Two years of Art Fair

We have been to Art Fair Philippines for the first time in 2014. What they did to that ordinary parking building was nothing short of impressive – as were the high-profile attendees from the business, fashion, and entertainment worlds – and in spite of having a spirited 2-year old in tow, the experience was enthralling and memorable.

Don’t pay my rebel hair any mind, I wore my faux leather leggings for this. Also, art makes the baby constantly hungry. 

The following years though, it was only my husband who has gone back, and usually to lend his support to friends who were directly involved in the event either as artists or curators. It became more and more difficult to appreciate the artwork, he said, when it was becoming more and more of an Instagram spectacle, with the works nothing more than a collection of weird and pretty things to pose with, or the event a surefire alternative to Starbucks ABS-CBN for that chance star encounter.

The husband explains away, while the little one runs away from the black and white photographs. Art can be such a hard sell. 

Back then, or this time around, I personally have not encountered any rowdy or crass bunch, or even the pretentious hipsters now infamously tied to these events. It’s an unfortunate drawback, I agree, but I have nothing to complain about. This time, the only one complaining is our 4-year old, wanting to get away from the ‘ugly paintings’. Can’t please everyone, for sure.

The Tans, back at Art Fair. The kid clearly loved the ‘Transformers’ inspired work as well as Nilo Ilarde’s installation, which she quickly connected to traffic.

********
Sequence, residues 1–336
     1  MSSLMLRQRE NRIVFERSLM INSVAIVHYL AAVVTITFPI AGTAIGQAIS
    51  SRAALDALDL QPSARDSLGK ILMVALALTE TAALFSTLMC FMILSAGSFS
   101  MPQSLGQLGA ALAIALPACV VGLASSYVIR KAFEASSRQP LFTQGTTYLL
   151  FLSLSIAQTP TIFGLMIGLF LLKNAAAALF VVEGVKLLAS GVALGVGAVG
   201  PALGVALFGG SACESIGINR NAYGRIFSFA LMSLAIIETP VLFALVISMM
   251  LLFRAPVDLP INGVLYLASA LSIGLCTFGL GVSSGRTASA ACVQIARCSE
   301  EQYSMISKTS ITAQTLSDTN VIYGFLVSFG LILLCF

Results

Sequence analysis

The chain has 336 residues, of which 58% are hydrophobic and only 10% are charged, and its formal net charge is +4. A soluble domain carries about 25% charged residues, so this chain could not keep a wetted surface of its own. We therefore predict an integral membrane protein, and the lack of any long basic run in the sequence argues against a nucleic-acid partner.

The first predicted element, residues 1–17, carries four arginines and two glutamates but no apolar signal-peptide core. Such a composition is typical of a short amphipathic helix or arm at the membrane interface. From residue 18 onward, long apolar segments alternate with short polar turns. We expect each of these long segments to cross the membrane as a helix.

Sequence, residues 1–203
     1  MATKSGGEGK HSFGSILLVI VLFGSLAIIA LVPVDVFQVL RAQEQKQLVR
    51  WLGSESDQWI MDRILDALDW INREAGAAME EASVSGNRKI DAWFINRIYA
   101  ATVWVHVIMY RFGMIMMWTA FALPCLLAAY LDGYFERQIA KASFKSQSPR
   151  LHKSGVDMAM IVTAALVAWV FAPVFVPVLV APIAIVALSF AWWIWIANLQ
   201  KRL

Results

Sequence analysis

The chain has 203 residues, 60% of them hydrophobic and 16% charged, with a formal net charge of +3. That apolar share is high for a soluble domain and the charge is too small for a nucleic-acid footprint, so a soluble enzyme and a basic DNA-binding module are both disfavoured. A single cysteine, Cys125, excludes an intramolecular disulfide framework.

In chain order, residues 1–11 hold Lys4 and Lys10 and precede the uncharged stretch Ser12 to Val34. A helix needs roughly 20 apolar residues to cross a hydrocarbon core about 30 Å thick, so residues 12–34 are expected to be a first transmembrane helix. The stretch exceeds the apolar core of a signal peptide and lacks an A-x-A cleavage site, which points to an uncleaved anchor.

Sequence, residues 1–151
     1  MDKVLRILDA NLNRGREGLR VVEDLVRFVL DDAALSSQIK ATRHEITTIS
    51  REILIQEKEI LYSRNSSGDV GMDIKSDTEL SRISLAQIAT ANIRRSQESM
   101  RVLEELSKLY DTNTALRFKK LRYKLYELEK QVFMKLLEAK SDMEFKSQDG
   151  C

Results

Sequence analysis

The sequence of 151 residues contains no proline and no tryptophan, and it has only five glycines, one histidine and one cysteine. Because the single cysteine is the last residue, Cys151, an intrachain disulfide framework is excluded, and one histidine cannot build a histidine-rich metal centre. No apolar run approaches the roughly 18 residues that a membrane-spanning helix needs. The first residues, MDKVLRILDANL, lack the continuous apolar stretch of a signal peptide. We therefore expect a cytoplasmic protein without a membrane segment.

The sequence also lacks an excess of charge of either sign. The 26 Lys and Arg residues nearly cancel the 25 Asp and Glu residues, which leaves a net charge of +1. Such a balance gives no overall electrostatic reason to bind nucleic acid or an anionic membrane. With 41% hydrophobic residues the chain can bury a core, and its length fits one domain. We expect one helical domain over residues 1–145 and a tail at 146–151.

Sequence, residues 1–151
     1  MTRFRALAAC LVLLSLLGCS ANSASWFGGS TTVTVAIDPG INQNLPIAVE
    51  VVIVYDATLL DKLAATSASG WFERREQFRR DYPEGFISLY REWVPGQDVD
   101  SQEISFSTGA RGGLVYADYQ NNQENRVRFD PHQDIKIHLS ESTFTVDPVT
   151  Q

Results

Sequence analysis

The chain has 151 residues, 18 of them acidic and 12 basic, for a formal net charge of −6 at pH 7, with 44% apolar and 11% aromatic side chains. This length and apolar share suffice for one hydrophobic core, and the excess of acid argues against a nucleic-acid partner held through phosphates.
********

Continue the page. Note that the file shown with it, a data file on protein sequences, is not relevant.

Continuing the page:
This year I wanted to linger more, stare at the work longer, examine every spot and corner. While it proved daunting – I didn’t count on Art Fair being much larger this year, occupying all six floors of The Link – purposely keeping the phone away for much of the visit helped tremendously.

My favourite was the addition of photography this year. Jake Verzosa’s The Last Tattooed Women of Kalinga is incredible to behold, but I found myself gutted with Jose Enrique Soriano’s photographs taken inside a mental hospital (if you can call it that). Gripping stuff.


I feel bad for having missed the exhibit on extrajudicial killings, but am happy for weaving through all six floors of the venue before calling it a day. I have my husband and brother’s photos of the day to look back on, and I was able to stare, linger, and ponder on the works before me to my heart’s content.

In fact, consider these my best tips in enjoying an exhibit like Art Fair with a toddler in tow: have somebody who can sub taking care of the kid with you, and bring someone handy with a camera phone. Everyone will end up happy.

Many thanks, J and N.

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